Daqo Tops Earnings Expectations, Faces Pricing Pressure Moving Forward

| About: DAQO New (DQ)

Similar to Renesola (SOL), Daqo New Energy (DQ) reported first quarter earnings before most other US-listed Chinese solar companies. Despite reporting earnings in early May, almost two weeks after SOL's earnings, Daqo’s report still came before a large industry price adjustment, as detailed in my recent Renesola article.

In fact, Daqo’s main business vertical of polysilicon production was among the last major crystalline photovoltaic vertical to hold average selling prices (“ASP”) firm. In an industry where pricing among each vertical is so highly correlated, polysilicon ASPs finally gave ground after remaining high for several months, even as downstream vertical pricing started to decline. In the three weeks after Daqo’s Q1 2011 earnings report and conference call, spot market polysilicon prices fell as much as $20/kg from the mid- to high- $70s/kg to under $60/kg.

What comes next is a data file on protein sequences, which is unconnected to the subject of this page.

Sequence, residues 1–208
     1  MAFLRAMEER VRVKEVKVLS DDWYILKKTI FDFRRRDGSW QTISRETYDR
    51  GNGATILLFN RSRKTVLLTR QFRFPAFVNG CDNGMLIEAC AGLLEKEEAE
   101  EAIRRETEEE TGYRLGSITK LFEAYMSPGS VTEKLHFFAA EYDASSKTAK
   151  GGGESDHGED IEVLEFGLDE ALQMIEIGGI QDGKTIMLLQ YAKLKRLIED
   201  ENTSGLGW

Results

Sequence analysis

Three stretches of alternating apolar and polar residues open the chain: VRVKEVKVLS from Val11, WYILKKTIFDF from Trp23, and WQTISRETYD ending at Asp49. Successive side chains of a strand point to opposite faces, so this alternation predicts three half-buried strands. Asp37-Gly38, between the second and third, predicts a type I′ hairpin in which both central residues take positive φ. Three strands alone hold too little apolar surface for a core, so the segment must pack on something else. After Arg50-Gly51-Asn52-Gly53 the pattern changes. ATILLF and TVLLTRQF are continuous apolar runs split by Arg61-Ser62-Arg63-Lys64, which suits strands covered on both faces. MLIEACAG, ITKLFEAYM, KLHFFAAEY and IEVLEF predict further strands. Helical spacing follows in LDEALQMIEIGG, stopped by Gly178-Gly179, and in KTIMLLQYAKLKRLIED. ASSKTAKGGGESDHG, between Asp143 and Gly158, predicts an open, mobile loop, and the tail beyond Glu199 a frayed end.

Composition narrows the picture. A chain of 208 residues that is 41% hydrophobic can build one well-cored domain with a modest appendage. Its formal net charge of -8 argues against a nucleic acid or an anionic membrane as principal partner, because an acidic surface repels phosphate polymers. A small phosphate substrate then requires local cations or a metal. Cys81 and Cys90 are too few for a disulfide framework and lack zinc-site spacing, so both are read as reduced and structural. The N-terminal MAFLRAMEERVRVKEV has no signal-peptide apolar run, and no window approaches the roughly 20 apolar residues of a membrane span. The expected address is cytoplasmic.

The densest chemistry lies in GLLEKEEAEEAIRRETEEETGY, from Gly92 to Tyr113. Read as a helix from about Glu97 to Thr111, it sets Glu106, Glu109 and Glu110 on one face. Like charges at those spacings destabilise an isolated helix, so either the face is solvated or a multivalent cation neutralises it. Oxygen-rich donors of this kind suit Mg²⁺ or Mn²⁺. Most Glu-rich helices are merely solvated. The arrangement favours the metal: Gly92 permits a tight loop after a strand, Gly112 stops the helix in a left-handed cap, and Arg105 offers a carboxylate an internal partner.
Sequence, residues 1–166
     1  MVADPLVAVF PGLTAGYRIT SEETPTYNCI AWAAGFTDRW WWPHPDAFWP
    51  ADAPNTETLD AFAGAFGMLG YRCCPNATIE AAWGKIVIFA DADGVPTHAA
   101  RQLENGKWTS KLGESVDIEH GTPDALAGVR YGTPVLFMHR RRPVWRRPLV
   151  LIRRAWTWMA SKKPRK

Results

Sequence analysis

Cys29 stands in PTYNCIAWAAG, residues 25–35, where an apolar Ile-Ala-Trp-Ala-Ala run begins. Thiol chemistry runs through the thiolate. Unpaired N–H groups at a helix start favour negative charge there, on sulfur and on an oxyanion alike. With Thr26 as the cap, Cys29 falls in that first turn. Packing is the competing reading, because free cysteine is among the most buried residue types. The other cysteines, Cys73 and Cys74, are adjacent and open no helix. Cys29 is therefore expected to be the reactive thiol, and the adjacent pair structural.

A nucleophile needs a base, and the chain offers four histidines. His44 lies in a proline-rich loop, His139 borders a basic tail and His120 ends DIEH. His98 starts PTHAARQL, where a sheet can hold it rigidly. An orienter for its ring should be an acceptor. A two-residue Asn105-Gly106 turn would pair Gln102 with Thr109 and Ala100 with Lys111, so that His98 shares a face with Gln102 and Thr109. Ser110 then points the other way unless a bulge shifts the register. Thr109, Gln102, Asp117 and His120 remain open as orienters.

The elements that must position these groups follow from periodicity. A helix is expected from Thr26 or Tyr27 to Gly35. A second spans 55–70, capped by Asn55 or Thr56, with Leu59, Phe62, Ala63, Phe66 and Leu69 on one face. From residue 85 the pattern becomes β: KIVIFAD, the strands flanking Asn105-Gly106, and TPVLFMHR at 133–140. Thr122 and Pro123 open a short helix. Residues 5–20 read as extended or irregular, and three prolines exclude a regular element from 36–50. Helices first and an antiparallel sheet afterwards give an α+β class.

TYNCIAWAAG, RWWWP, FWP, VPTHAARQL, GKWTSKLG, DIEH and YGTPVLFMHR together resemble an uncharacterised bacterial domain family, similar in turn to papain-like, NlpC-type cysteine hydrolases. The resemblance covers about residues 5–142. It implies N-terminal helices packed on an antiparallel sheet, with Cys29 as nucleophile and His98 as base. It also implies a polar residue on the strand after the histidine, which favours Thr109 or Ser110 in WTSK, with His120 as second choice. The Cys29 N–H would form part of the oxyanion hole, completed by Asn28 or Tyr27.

Prior to May, the polysilicon vertical was perhaps the most constrained among the four major verticals that comprise the crystalline photovoltaic market. High capital costs and long lead times in constructing polysilicon plants led to relative under investment compared to other downstream verticals. When overall industry demand skyrocketed in 2010, other verticals were more able to expand capacity than the polysilicon vertical. The capacity imbalance was clearly witnessed in the second half of 2010 as spot market polysilicon prices rose from around $50/kg to $85/kg on average, with high end quotes exceeding $100/kg. Since polysilicon production is Daqo’s main business, the company’s margin and profitability also significantly expanded.